Despite disagreement by the CPSC, the Louisiana Senator David Vitter is reportedly calling for a further investigation into the deaths of eight people he says may be linked to the Chinese drywall in their homes. A spokesman for the CPSC said the deaths were promptly investigated by the commission, which found no link to the drywall.
According to the AP report, since last November, the CPSC has been investigating problems consumers have reported in new homes made with drywall imported from China. The CPSC had found links between the levels of hydrogen sulfide gas emitted from the imported wallboard coupled with formaldehyde, which is commonly found in new homes. The Commission also found it likely that reports of wire and pipe corrosion in the houses was caused by the imported wallboard.
In the flurry of new construction that followed Hurricanes Katrina and Rita, about 3,000 homeowners, most of them in Florida, Virginia, Mississippi, Alabama and Louisiana, have reported problems with the Chinese drywall. The CPSC says it has currently reviewed 800 homes. In a letter to federal agencies sent Wednesday, Senator Vitter asked the CPSC and the Centers for Disease Control and Prevention to do more.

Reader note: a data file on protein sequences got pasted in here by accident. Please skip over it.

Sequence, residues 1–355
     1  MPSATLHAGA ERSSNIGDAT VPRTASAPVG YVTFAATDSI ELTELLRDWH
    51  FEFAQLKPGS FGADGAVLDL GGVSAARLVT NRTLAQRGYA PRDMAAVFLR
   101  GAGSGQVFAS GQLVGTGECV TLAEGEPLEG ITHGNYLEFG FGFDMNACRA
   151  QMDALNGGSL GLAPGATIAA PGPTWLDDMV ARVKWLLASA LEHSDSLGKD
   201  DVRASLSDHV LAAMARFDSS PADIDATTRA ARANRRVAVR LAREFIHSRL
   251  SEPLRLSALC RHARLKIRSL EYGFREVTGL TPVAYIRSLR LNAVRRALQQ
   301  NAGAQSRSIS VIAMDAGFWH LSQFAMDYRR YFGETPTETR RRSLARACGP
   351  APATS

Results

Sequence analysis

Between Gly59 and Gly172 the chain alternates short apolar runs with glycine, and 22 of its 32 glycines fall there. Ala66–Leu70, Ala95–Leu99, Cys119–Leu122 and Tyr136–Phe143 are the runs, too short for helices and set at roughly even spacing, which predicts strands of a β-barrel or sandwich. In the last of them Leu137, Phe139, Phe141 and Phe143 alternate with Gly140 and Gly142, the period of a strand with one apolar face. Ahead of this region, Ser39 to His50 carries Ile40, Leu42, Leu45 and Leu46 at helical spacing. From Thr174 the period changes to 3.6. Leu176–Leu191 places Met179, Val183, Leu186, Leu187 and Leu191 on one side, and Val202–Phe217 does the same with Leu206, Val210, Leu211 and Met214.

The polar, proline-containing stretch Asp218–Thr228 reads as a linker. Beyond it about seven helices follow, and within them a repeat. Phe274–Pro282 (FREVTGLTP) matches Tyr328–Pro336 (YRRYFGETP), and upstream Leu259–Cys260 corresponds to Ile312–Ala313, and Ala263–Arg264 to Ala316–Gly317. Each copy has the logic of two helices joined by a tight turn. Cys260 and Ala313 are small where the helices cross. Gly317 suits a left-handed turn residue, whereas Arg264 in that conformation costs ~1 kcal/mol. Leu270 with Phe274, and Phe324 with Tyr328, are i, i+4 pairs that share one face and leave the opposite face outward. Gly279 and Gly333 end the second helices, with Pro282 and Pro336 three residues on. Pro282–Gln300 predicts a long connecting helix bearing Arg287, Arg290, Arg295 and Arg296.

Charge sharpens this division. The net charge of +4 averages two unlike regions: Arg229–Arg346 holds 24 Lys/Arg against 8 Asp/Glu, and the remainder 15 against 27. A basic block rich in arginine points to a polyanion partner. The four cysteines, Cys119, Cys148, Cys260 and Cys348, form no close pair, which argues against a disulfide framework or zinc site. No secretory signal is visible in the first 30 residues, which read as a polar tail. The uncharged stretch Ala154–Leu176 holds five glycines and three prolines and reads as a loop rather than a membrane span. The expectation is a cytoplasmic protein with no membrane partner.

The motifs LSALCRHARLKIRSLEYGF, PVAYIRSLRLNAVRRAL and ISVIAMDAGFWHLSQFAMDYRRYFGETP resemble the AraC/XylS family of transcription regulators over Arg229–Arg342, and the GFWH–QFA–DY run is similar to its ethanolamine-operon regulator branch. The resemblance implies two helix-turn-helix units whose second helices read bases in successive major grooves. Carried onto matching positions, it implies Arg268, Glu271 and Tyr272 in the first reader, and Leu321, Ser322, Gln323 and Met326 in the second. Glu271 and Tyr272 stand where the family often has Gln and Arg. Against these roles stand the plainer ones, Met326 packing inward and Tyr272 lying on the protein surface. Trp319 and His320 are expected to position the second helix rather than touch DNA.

The AP reports thousands of homeowners are party to the drywall suits against builders, contractors, suppliers and manufacturers that are currently making their way through the federal courts. Dr. Patricia Williams, a toxicologist at the University of New Orleans hired by plaintiffs' lawyers, said a more thorough probe into the deaths was warranted.
"Each person needs to be looked at individually," Williams said. She said her analyses of the Chinese drywall have found chemical compounds that can lead to death, particularly in people suffering from lung and heart disease.